March 9 (Bloomberg) -- Ohio State University football coach Jim Tressel may face further sanctions from the National Collegiate Athletic Association after being suspended and fined by the school for failing to disclose that players including quarterback Terrelle Pryor had violated eligibility rules.
Tressel will sit out the Buckeyes’ first two games of the 2011 season and pay a $250,000 fine for failing to tell school officials what he knew.
“I’m disappointed that this happened,” Tressel said at a news conference last night at the Jack Nicklaus Museum on Ohio State’s campus in Columbus, Ohio. “I’m sincerely saddened by the fact that I let some people down.”
Tressel found out eight months before the university said it was informed of the infractions that Pryor and five teammates were selling memorabilia to Edward Rife, the owner of a tattoo parlor in Columbus, Yahoo Sports reported. The university and the NCAA began investigating the case in December, when Ohio State officials said the U.S. attorney’s office informed them of the sales.
The NCAA announced on Dec. 23 that it had suspended Pryor, running back Dan Herron, wide receiver DeVier Posey, offensive lineman Mike Adams and defensive lineman Solomon Thomas for the first five games of the 2011 season. Linebacker Jordan Whiting was suspended for the first game of next season.
All six were allowed to play in the Buckeyes’ 31-26 win over Arkansas in the Sugar Bowl in January.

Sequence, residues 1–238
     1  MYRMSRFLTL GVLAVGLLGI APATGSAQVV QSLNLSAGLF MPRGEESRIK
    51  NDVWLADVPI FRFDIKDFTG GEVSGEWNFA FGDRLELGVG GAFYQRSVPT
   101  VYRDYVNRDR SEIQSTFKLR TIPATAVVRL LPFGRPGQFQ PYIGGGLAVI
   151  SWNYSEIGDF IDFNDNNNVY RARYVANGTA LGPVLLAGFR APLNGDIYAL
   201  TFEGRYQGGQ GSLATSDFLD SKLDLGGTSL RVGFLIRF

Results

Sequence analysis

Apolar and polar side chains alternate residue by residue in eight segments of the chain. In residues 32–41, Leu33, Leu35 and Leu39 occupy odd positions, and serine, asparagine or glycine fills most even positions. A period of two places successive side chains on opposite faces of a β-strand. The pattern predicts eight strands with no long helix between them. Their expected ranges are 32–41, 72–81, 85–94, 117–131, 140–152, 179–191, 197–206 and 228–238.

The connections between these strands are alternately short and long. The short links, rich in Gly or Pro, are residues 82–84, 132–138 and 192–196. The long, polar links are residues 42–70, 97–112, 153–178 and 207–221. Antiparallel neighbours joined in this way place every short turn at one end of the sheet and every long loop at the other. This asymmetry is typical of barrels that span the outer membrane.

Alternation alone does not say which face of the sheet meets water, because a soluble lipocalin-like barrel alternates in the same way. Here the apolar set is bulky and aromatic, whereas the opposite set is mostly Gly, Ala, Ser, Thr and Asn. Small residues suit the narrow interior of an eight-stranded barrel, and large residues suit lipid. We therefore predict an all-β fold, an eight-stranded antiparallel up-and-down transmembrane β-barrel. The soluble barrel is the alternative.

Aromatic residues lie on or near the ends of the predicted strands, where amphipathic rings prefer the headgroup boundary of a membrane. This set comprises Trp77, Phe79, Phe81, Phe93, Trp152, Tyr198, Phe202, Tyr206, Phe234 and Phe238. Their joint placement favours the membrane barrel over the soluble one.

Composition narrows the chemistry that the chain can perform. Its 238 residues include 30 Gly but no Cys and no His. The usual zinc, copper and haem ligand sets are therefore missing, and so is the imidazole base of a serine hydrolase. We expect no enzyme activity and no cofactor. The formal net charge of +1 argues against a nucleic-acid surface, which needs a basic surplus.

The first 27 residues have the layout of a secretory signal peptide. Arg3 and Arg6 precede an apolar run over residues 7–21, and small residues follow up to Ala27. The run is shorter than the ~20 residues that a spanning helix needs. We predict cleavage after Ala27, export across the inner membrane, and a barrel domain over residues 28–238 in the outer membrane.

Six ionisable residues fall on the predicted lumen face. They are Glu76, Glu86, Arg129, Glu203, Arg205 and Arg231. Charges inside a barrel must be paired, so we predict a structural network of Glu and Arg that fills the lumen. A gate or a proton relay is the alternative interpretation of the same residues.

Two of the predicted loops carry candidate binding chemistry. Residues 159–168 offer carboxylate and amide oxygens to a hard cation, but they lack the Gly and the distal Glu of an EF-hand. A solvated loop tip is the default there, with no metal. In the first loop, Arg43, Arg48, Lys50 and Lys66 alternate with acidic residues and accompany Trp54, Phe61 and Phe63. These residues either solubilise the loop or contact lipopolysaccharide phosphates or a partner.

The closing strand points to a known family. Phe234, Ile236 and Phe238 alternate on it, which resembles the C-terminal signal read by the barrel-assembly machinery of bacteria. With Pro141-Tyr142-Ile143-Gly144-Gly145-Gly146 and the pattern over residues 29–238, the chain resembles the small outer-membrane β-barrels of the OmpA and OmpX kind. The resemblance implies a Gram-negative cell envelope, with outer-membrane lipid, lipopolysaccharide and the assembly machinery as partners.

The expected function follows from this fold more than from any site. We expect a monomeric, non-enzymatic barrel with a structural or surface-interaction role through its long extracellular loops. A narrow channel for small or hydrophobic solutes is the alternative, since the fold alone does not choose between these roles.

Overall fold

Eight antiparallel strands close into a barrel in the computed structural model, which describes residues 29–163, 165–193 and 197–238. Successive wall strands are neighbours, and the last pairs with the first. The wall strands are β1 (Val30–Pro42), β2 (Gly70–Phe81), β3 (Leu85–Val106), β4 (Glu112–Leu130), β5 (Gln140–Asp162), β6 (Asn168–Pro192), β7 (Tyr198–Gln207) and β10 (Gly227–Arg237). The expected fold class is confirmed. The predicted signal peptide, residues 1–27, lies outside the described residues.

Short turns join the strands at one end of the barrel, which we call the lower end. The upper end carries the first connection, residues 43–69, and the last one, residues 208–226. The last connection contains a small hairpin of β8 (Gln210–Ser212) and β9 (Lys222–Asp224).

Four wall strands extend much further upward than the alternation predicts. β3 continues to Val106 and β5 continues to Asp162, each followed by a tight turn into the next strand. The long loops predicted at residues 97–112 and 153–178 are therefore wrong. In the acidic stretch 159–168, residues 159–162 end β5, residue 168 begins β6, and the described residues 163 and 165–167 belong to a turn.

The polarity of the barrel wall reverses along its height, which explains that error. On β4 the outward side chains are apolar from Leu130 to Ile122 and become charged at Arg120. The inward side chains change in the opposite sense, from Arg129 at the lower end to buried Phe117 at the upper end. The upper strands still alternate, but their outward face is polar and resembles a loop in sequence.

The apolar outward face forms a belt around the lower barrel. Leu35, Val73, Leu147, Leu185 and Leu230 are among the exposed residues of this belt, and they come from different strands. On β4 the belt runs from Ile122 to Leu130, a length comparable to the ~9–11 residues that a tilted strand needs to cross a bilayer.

Tressel may still face an NCAA investigation into whether he violated rules on ethical conduct and promoting an atmosphere of compliance if he’s found to have deliberately withheld information he received in April, Yahoo Sports reported. An e-mail to the NCAA’s media office last night was not immediately answered.
Tressel will miss home games against the University of Akron and the University of Toledo on Sept. 3 and 10. The five suspended players will also sit out a Sept. 17 visit to Miami University and home games against the University of Colorado and Michigan State University on Sept. 24 and Oct. 1.
Tressel’s offense didn’t merit dismissal, Buckeyes Athletic Director Gene Smith said at yesterday’s news conference.
“Wherever we end up, at the end of the day Jim Tressel is our football coach,” Smith said. “We support him 100 percent. He’s our coach and we trust him implicitly.”
Tressel, 58, is 106-22 in 10 years as coach of the Buckeyes. He led the team to a national title after an undefeated 2002 season and two other times to the championship game.
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